Guardianship Administration and Litigation
A guardian is expected to comprehend and implement the responsibilities outlined in the documents appointing him or her. When the guardian is in doubt, he or should seek the court’s approval before taking action. While a specific guardianship may contain particular instructions, he or she is also expected to fulfill general duties.
General guardian duties typically include the following:
- Becoming and remaining acquainted with the ward and keeping track of his or her capacities, needs, limitations, and physical and mental health;
- Managing and maintaining documentation of the ward’s finances, living arrangements, health and medical care, education and training, personal needs, desires and preferences, employment, recreation, and leisure time;
- Becoming acquainted with the ward’s family, doctors, nurses, case workers, therapists, and other important contacts;
- Taking care of the ward’s personal effects;
- Managing the ward’s money for his or her support, care, education, and welfare needs;
- Saving the ward’s excess money for the ward’s future needs;
- Informing the court of changes in the ward’s residence; and
- Immediately notifying the court upon the ward’s change in condition or death.
Guardians are also granted various powers by virtue of their position. Unless otherwise stated, these include the power to consent to the ward’s medical care, the power to receive money payable to the ward, the power to take custody of the ward, the power to take action to force an obligated party to support the ward, the power to petition the court for authority to consent to the adoption or marriage of the ward, and the power to petition the court for authority to apply for divorce or legal separation on the ward’s behalf.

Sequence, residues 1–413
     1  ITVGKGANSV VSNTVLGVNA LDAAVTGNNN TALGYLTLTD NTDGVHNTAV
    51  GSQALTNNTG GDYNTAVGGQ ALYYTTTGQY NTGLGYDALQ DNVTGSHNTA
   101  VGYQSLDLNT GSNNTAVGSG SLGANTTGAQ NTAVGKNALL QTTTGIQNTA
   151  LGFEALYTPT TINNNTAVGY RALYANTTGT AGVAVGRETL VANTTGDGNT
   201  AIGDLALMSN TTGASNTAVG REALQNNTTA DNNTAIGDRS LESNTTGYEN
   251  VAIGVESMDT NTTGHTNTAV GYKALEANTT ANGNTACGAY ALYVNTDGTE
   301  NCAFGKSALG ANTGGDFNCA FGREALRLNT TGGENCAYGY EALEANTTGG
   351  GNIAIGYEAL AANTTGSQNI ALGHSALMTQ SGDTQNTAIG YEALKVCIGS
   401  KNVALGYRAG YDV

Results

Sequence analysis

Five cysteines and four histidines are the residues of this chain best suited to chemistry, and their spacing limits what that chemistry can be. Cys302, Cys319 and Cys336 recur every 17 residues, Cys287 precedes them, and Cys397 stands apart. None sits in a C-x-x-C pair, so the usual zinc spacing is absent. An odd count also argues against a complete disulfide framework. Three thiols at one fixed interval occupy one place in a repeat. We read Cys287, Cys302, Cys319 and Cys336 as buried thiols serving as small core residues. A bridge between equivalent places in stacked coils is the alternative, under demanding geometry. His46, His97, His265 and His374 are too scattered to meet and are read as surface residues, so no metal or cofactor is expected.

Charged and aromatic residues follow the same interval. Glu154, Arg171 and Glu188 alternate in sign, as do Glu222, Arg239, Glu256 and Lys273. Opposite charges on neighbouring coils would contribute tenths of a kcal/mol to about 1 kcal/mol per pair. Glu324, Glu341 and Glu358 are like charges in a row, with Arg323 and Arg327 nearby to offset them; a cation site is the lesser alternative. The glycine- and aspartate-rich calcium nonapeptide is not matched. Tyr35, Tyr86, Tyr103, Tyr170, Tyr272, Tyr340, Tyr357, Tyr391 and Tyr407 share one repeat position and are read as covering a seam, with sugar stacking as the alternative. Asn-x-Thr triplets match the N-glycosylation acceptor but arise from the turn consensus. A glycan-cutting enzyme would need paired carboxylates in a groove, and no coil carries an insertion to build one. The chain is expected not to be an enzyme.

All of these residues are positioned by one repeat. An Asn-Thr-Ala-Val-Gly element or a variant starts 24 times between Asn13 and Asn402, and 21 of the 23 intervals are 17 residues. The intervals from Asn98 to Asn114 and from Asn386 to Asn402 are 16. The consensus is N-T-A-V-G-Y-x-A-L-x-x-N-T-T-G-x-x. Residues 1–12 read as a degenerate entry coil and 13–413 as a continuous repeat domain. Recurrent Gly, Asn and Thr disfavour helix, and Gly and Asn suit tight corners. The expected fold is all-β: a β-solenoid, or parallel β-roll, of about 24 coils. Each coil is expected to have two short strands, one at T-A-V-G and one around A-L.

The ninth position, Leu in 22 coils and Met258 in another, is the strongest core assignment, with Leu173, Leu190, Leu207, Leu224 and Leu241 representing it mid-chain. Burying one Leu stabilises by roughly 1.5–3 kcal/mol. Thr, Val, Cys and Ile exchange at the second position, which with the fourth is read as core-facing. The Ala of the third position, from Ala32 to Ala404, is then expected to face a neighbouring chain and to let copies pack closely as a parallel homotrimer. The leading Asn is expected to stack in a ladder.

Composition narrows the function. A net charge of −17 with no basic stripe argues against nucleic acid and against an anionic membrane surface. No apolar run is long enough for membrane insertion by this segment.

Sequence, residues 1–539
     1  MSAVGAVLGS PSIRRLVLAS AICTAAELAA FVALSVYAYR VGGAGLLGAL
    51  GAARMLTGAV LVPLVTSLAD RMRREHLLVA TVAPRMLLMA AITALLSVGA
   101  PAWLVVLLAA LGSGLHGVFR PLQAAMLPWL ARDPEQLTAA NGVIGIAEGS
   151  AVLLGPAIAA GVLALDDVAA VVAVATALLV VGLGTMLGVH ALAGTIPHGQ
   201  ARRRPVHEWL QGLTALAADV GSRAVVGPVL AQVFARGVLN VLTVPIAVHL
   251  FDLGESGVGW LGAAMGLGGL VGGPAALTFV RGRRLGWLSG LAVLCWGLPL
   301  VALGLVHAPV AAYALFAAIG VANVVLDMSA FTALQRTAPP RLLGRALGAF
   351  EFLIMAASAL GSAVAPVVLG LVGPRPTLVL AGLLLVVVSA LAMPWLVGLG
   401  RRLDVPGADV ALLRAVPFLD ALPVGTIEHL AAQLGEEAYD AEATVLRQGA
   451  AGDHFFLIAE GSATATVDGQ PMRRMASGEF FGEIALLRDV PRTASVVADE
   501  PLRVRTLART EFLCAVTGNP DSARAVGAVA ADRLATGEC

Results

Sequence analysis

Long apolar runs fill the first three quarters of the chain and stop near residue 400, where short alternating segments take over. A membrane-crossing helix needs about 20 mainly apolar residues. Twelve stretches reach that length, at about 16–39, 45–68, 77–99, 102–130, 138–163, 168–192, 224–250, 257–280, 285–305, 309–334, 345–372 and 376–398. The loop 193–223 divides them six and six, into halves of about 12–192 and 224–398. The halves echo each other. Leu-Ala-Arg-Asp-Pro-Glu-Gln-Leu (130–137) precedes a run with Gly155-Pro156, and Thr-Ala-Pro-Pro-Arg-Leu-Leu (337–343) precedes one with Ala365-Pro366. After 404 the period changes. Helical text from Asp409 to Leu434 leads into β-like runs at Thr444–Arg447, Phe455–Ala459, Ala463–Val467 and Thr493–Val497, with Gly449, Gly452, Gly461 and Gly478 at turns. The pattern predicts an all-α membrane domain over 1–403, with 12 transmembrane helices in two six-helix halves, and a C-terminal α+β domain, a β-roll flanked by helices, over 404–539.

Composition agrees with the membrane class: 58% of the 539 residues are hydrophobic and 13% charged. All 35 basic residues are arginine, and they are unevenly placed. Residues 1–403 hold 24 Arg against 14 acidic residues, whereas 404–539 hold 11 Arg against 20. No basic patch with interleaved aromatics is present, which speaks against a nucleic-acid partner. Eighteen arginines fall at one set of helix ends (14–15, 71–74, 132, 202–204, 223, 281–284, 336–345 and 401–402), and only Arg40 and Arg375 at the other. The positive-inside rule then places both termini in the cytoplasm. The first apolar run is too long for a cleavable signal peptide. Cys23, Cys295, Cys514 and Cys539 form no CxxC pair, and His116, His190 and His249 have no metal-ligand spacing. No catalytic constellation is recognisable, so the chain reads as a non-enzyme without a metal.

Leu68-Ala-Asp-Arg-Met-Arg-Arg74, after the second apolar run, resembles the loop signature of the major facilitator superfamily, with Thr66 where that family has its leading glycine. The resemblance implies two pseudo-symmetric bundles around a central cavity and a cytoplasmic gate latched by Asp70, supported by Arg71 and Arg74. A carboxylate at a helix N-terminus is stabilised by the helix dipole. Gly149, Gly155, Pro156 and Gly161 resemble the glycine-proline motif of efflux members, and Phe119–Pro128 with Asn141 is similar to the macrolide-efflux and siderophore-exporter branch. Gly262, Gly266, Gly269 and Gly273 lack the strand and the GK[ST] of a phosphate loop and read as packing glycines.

Generally, the guardian is entitled to reasonable compensation for his or her services. He or she is not required to use his or her own funds to provide for the ward, but rather can use the guardian’s funds, unless he or she signs an agreement accepting financial liability. Guardians are not liable to third parties for the ward’s acts. And guardians are not liable for injury to the ward resulting from the wrongful or negligent conduct of the providers.
When an interested party is dissatisfied with the appointment of a guardian, he or she can attempt to remove the guardian through litigation. Common reasons for wanting to remove a guardian include when a guardian is not necessary for the ward, when the guardian’s conduct is not in the ward’s best interests, or when the interested party believes he or she would be a more suitable guardian.
Documentation in support and notice to interested parties are required to petition to remove a guardian. A temporary substitute guardian may be appointed for up to six months if the appointed guardian is not effectively performing his or her duties. A successor co-guardian may also be appointed to serve immediately. A modification of guardianship may be granted by the court if the extent of protection or assistance granted is excessive or insufficient. A guardianship naturally terminates at the death of the ward or guardian.
Removing a guardian is a complex process that requires the help of an experienced attorney.